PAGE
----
In a release, Bush highlighted the work of the "dedicated scientists and researchers" who developed safe vaccines quickly, while Clinton noted that vaccination will "bring us all one step closer to ending this pandemic."
Obama acknowledged the "immeasurable toll" the pandemic has taken on families, while the 96-year-old Carter said vaccines and other public health measures are the key to him seeing his children, grandchildren and great-grandchildren again.
The second ad brings Obama, Bush and Clinton together in Arlington National Cemetery in Virginia, where they emphasize that the vaccines will. In the US, vaccines from Pfizer, Moderna and Johnson & Johnson have been administered to high-risk groups first as production starts to ramp up.
During a Healthline town hall reflecting on one year of COVID-19, Paula Green-Smith, a Detroit public health professional, stressed the importance of having trusted messengers deliver information on the coronavirus as well as other community health issues.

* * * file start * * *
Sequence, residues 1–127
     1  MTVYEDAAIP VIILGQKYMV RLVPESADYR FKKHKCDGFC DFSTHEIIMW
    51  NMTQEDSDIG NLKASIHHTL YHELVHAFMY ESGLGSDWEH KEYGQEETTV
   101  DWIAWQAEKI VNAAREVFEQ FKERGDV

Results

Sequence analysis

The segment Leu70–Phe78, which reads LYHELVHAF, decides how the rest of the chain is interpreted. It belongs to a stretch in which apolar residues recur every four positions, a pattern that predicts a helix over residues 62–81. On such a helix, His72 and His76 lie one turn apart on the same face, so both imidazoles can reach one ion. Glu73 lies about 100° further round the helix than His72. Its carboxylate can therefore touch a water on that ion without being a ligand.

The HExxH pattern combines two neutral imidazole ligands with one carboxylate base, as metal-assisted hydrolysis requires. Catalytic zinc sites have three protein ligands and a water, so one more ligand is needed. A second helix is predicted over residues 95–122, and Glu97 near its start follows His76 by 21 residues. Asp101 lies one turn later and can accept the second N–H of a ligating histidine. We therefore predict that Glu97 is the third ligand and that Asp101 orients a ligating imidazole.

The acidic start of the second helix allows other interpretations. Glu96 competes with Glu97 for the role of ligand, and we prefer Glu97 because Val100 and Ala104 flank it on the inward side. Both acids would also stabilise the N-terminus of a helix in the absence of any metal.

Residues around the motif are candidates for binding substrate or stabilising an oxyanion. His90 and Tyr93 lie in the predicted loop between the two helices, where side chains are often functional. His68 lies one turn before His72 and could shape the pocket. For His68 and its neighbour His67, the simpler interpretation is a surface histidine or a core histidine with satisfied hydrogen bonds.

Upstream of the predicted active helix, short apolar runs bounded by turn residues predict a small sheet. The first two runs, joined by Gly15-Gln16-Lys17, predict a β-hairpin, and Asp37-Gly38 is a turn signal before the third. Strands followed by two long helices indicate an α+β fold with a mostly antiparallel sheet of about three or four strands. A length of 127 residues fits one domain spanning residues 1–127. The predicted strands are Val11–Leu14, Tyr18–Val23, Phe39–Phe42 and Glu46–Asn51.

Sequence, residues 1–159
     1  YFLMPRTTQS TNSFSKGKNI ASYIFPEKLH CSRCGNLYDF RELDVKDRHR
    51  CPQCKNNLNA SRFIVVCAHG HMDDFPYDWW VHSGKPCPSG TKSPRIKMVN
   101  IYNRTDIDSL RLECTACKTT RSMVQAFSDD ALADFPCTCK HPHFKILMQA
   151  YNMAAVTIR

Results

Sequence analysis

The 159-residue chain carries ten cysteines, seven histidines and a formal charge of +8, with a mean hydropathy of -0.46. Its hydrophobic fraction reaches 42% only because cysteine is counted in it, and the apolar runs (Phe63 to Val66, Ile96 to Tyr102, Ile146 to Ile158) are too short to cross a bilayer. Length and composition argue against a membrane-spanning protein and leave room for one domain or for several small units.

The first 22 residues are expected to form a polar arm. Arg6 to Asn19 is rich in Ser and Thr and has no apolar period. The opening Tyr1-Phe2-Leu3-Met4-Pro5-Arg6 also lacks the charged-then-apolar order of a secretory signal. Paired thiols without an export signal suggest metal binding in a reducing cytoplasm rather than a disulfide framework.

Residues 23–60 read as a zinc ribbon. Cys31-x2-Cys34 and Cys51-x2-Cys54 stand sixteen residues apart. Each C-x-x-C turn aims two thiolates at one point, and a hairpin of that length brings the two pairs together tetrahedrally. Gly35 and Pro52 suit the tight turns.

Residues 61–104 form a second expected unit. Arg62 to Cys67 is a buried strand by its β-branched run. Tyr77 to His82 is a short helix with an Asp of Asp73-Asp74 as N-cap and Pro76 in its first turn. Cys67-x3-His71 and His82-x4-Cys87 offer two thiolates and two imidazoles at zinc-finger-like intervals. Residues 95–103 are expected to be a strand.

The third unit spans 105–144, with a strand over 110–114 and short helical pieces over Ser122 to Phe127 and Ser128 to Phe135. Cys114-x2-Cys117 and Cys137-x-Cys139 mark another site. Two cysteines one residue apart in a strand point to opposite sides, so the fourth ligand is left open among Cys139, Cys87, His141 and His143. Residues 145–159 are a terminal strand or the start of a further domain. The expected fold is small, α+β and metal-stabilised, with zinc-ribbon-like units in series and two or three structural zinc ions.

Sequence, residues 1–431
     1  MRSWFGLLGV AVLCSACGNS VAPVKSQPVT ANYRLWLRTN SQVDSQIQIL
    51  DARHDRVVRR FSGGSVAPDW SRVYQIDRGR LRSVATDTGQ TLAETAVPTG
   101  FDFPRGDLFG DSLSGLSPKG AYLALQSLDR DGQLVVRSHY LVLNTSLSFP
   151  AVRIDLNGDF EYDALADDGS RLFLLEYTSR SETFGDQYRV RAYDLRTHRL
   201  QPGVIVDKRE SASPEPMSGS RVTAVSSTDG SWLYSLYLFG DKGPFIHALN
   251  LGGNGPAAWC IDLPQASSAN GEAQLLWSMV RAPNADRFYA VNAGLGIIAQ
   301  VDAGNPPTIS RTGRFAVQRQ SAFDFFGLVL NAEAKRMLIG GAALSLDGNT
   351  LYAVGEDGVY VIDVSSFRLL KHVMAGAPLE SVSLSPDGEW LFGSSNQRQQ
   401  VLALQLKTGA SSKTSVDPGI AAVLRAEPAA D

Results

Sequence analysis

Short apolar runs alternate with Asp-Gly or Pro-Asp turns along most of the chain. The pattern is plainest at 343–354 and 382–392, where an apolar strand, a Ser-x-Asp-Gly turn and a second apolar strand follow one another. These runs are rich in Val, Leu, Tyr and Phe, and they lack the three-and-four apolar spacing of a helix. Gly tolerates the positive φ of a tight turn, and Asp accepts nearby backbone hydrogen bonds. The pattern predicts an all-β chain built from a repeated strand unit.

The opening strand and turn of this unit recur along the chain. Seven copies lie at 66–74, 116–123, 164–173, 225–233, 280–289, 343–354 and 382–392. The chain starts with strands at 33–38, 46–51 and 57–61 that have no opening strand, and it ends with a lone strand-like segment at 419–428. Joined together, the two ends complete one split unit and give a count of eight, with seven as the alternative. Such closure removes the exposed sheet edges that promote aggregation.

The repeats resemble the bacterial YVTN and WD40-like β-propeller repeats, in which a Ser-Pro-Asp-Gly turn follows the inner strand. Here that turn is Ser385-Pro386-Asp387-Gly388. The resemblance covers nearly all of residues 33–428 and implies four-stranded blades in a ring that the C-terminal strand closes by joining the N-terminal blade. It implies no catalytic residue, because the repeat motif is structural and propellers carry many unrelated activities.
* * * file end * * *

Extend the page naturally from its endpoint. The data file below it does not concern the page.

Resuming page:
"You've got to have trusted messengers, people that other people will listen to," said Green-Smith during the town hall on Thursday.
As with President Joe Biden's Axios., former president Donald Trump is absent from this campaign. The ads were shot in December 2020, the release noted, while Trump was still in office. Trump encouraged people to "go get your shot" at the CPAC gathering in February, according to
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